Cerebral Palsy Resulting from Birth Injury Negligence
Cerebral palsy is a group of disorders that affects the child’s ability to control movements such as mental retardation, impairment of speech, hearing or sight, seizures, muscle spasms or tightness, or involuntary movement.
Statistics on Cerebral Palsy
- 5,000 children are diagnosed with Cerebral Palsy each year;
- Approximately 1,300 preschoolers are diagnosed with Cerebral Palsy each year
- Cerebral Palsy, on average occurs 1.2 times more frequently in boys than among girls
- Estimated 500,000 people in the U.S. have Cerebral Palsy.
Causes of Cerebral Palsy
Cerebral palsy results from an injury to the largest portion of the brain called the cerebrum which can be damaged before, during, or even after birth. It is involved with higher mental faculties, sensations, and voluntary muscle movements.
The most significant birthing complication related to Cerebral Palsy is the lack of oxygen to the brain. Without oxygen, the baby’s brain cells start to die resulting in brain damage called “severe asphyxia”.
This can happen when:
- The umbilical cord restricts the baby’s breathing;
- The child becomes stuck in the birth canal or the placenta is ruptured prematurely; or
- The baby does not begin to breathe immediately following birth.
Other risk factors include:
- Infection during the mother’s pregnancy
- Jaundice in the infant that can damage the infant’s brain cells; and
- Rh incompatibility by the mother’s body that can lead to the production of antibodies which destroys the fetus’s blood cells
- Head or blood vessel injuries.
- Fetal Distress – Complications during labor and delivery, such as vascular or respiratory problems of the baby during labor and delivery may result in brain damage causing permanent brain damage
- Breech presentation – Babies that present feet first, instead of head first, at the beginning of labor are at a higher risk of developing Cerebral Palsy.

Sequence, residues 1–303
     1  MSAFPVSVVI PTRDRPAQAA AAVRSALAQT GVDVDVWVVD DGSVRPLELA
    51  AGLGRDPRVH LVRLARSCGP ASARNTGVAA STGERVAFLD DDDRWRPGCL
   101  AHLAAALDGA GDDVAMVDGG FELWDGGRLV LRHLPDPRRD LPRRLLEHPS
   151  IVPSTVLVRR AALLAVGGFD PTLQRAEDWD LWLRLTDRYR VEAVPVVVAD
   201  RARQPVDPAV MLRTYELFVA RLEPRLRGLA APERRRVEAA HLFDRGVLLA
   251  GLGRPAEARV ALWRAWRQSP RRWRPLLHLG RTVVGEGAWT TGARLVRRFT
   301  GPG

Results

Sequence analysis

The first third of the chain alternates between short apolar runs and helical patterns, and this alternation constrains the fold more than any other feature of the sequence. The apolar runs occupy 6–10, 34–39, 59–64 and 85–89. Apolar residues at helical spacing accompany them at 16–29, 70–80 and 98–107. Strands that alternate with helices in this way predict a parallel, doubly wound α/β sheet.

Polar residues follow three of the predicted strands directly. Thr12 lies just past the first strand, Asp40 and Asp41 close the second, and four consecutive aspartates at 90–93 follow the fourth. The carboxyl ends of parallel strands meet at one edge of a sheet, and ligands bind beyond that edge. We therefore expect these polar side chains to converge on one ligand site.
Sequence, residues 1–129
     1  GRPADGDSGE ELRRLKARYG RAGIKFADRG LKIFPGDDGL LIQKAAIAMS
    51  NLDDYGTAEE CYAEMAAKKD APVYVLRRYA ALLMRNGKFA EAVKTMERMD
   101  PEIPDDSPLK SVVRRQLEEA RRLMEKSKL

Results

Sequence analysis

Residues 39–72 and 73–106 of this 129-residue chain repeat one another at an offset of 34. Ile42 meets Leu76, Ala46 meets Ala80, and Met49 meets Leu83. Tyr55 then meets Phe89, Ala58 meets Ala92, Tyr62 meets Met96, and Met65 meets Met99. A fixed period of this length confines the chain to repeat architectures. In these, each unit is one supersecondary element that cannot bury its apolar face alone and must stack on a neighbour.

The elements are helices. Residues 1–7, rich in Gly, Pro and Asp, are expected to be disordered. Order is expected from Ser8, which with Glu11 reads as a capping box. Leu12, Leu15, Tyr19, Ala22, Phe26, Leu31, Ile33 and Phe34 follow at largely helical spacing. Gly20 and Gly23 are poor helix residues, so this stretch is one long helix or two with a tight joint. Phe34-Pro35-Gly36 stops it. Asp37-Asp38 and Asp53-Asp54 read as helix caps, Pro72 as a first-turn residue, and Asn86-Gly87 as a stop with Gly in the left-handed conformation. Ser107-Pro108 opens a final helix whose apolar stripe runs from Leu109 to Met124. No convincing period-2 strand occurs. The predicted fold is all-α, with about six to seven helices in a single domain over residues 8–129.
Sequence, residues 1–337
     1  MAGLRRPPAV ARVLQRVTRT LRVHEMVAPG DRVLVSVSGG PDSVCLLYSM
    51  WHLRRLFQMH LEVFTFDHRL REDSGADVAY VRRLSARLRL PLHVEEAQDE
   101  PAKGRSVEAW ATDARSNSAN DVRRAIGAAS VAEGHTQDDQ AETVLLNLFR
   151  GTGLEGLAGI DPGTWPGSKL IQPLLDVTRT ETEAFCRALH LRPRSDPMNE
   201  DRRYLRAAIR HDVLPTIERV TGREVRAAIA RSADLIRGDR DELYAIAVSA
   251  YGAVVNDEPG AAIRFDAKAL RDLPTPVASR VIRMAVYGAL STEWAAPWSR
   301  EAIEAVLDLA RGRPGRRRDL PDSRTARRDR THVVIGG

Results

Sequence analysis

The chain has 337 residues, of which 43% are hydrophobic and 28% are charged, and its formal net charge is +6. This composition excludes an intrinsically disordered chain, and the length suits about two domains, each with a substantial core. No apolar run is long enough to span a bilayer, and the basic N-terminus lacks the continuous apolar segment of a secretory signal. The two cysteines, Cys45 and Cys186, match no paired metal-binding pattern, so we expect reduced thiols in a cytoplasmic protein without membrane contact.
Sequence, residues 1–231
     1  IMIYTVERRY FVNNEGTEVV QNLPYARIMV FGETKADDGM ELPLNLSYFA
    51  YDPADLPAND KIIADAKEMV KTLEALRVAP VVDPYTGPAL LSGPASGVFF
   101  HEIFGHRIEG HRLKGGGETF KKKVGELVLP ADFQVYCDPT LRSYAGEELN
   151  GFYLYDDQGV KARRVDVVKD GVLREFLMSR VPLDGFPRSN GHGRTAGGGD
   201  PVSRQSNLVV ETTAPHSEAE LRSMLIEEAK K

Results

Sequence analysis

- Multiple births
- Maternal bleeding or severe proteinuria late in pregnancy
- Maternal hyperthyroidism, mental retardation, or seizures increase the risk for Cerebral Palsy.
- The mother’s water was ruptured for over 24 hours
- There were indications of trauma or infection during the pregnancy
- There is a family history brain damage
When these or other warning signs are present, doctors and health care providers should take immediate steps to properly monitor the unborn baby, to treat the cause of any complication that has arisen, and, where necessary, to deliver the baby (usually by C-section).
Once the baby is born, there are additional risk factors that indicate the baby is at risk of having or developing cerebral palsy and should be closely monitored and treated. They might also suggest improper medical care, or trauma to the baby’s brain during the birthing process. These include:
- Low birth weight
- Premature birth
- The baby suffers from multiple seizures
- The baby exhibits nervous system deformities
- The baby has trouble sucking and swallowing
- The baby shows an indication of weakness or abnormal muscle tone
- The baby needs resuscitation at, or shortly after birth due to lack of oxygen
- The baby shows signs of apnea
- The baby shows lack of concern or interaction
- The baby is incapable of maintaining normal temperature
If your son or daughter has cerebral palsy and you believe that your doctor, nurse, or other health care provider failed to provide suitable care during the pregnancy, during labor and delivery, or after the delivery of your baby, contact the Law Offices of Ron W. Sage PA at (732) 547-2944 today!